Are you comparing heating options for a new project? Perhaps you are remodeling a section of your house, and you want to know if you can add to your current heating system, or if you should select another method. Either way, understanding how a heating system works and what the alternatives are will help you make a wise choice.
How Does a Furnace Work?
Forced air furnaces operate by pulling cold air through duct work into the furnace where the air is heated and distributed throughout the home. The method of heating the air is live flame, and the fuel is either gas, propane, or heating oil.
There are some distinct advantages to using a furnace:
- It can share the ductwork used by the central air conditioning system.
- Newer systems are relatively energy efficient.
- Most heating contractors are familiar with their installation.
A big disadvantage to furnace systems is that they may not make sense for a room renovation or small addition. The air is heated rather than the room, and this can cause cold and hot spots. Additionally, the heat is blown through the house, moving dust and allergens throughout the entire area.
Forced Air Gas Furnaces
Natural gas is available in many communities today, making this type of furnace the natural selection in new home designs. If your home is in a rural area, propane is usually available, which can use the same furnace with some minor changes.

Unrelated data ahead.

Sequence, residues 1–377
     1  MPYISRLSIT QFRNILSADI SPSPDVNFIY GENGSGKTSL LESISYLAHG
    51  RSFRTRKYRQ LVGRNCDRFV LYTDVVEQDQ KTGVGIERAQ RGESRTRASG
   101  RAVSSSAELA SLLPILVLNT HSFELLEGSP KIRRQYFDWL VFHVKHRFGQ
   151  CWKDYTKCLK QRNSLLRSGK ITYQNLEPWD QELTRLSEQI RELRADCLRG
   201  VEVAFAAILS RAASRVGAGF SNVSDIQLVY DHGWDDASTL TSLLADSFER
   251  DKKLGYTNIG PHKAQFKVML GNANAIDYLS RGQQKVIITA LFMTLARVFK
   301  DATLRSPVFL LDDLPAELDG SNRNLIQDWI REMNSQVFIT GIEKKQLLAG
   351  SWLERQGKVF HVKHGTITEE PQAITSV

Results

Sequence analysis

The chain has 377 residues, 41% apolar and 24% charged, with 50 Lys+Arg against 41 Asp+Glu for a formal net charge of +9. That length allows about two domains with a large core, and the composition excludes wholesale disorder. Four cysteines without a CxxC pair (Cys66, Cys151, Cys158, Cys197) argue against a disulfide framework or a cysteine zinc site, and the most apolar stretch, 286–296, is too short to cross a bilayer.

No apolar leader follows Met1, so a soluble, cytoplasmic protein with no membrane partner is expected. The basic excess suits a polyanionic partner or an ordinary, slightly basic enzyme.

The northeast was an early center of population growth in America, and the main source of heat was oil and coal. As the population grew and a more reliable source of heat became necessary, heating oil replaced both wood and coal. Heating oil is kerosene and actually burns hotter than natural gas. Gas and oil are both efficient methods of heating.
How to Know It’s Time to Replace Your Furnace
There are some specific things to look for when determining if your furnace needs replacing:
- How old is the unit? The normal working life is 15-20 years. If the unit was there when you moved in, try to locate the owners manual for a date, or look up the serial number online for exact information.
- Are your energy bills rising?
- Have you noticed an increase in soot or dust while the unit is operating?
- The furnace makes a lot of noise.
- It requires frequent repairs.
If you’ve determined it’s time to replace your furnace, here are some options to consider.
3 Furnace Alternatives
1. Pellet Stove
Wood stoves were prevalent as a source of heat in the past, but heating a home requires a lot of wood, and folks in the suburbs didn’t have access to free wood or a place to store it. Pellet stoves solve that:
- The fuel can be purchased in a clean plastic bag.
- It can be stored conveniently in a closet or the garage.
- The stove can be thermostatically controlled
However, they require a lot of maintenance:
- Frequent cleaning is required to keep it operating at peak efficiency.
- The stove will have to be filled regularly.
- You may need a huge stove to heat your home.
- It will increase the amount of dust in your home.
2. Solar Heating